Preventing ill health at work

The British Occupational Hygiene Society (BOHS), a leading scientific charity and the Chartered Society for Worker Health Protection has released a handy outline of how companies and organisations can link their worker health protection standards directly to sustainable development goals.

The 17 United Nations Sustainable Development Goals have become the global benchmarks which many of the worlds most influential organisations see as the objectives that we need to realise to have a sustainable future. Many companies worldwide have signed up to the United Nations Global Compact, while many more see Environmental, Social and Governance (ESG) as critical success factors, reportable to Boards. SMEs, who have championed sustainability have also pushed the boundaries. A “healthy working environment” was recently added to the list of global fundamental rights for people who work by the International Labour Organisation.

BOHS has published a simple guidance for companies and organisations to be able to track their initiatives in protecting workplace health directly to the 17 goals. It is working closely with the British Standards Institute and the Council for Work and Health to develop this further to help workplaces celebrate and promote health at work as a crucial lever of sustainability.

“Sustainability is about the environment, nature and the planet – but it is also about people,” says Professor Kevin Bampton who is the Society’s CEO and former United Nations Special Adviser. “We all understand that a throwaway approach to packaging and consumer goods is more than waste, but detrimental to our future. Yet we have a disposable approach to workers. We let people get ill unnecessarily, adding to health and social care costs, the benefits bill and hospital waiting lists. We still have a notion that in work there are “occupational hazards” and accept that thousands of people are allowed to get ill in the one environment wholly created and managed by humans – the working environment.”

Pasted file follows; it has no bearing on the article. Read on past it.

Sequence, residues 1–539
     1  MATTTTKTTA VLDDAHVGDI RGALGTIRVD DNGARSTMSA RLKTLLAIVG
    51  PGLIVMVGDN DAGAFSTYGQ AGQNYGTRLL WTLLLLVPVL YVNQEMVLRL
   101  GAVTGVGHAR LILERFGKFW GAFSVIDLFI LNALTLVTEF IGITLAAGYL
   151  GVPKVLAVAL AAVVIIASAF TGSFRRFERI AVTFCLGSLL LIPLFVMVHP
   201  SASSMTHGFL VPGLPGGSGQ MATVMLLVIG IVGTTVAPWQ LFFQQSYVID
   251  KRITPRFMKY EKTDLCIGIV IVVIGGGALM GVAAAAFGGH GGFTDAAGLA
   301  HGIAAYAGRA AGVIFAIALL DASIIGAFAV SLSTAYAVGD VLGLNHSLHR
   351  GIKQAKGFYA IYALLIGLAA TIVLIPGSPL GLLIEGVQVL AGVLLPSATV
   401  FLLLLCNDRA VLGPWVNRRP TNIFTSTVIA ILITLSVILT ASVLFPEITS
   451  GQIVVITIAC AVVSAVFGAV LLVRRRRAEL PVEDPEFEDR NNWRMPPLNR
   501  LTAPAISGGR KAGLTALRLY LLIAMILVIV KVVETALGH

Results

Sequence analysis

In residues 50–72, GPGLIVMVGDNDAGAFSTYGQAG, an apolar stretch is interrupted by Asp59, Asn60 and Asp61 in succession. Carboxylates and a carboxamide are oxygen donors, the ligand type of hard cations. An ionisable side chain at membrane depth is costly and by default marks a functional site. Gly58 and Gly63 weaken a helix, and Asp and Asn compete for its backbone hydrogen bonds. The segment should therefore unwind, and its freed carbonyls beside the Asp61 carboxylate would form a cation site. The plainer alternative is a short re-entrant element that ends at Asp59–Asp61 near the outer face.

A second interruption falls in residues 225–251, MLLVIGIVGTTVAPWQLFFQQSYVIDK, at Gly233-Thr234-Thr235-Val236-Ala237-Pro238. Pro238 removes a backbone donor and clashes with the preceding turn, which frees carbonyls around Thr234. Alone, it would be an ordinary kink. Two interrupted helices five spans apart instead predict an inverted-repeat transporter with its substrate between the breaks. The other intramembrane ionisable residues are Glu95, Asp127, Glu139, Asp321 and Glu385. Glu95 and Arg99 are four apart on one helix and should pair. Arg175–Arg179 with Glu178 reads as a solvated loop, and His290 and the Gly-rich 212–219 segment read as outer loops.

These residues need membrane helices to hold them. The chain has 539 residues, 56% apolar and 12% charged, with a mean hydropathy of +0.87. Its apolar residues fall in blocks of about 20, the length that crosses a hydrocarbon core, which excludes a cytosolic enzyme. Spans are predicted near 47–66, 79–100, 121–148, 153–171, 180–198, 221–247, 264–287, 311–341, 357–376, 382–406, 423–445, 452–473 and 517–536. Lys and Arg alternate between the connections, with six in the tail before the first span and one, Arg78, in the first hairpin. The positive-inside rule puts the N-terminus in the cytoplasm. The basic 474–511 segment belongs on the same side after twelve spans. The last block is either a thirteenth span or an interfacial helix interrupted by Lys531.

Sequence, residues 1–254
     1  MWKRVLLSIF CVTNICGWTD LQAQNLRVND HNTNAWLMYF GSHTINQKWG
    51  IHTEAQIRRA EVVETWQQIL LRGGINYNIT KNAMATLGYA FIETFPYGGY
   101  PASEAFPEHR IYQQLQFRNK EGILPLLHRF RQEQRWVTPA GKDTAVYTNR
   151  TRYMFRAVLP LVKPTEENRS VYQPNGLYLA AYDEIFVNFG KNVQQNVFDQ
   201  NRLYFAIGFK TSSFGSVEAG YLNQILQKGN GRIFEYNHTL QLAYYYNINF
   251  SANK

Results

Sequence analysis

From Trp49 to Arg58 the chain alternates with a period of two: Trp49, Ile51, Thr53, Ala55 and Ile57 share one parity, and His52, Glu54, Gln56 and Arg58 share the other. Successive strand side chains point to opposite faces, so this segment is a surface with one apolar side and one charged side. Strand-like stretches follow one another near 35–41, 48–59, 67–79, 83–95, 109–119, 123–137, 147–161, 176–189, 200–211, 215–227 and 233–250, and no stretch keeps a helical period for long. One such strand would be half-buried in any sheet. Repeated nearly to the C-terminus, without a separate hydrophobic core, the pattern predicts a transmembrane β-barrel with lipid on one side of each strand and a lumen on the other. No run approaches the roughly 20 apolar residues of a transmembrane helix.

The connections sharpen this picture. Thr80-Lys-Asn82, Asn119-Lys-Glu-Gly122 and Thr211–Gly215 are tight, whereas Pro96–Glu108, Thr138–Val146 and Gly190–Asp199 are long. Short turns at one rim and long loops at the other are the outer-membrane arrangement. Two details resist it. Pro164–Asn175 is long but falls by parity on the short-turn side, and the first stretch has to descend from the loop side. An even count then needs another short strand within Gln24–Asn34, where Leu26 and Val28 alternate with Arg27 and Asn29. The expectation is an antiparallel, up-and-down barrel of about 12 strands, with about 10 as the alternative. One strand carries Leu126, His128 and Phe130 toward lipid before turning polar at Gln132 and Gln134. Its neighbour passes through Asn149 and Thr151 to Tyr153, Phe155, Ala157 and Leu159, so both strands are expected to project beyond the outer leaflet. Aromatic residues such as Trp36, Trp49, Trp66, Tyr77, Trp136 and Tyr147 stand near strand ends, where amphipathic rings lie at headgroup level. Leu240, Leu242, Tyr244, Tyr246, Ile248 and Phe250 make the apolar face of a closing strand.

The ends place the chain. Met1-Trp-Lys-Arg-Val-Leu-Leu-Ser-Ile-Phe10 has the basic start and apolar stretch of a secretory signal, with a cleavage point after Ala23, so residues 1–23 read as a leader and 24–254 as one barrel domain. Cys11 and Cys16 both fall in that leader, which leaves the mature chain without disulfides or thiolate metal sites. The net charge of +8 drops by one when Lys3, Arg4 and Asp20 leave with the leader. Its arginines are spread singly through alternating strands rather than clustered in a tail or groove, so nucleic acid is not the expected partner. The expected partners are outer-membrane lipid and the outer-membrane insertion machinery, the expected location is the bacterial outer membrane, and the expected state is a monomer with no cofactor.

BOHS which celebrates 70 years of scientific leadership and innovation for better workplace health in 2023 sees now as the opportunity to really make a difference.

“There are a multitude of illnesses, including incurable cancers that arise from workplace exposures,” says BOHS President,Chris Keen, who is Principal Scientist at HSE. “But the vast majority of these are relatively easy to prevent and avoid. At a time where it’s getting harder to find the right workers, it makes perfect sense for business sustainability to focus on the health of their workers, in the same way as they would want to look after any other key asset. This guide helps organisational leadership place worker health within their general sustainability strategy.”

BOHS provides a number of other free tools to help employers protect their workers, including their Breathe Freely Campaign Breathe Freely – Controlling exposures to prevent occupational lung disease in industry, which now has global reach and the HI management standard, which assists with Health Risk Management The HI Standard – Health in Industry Management Standard – Breathe Freely.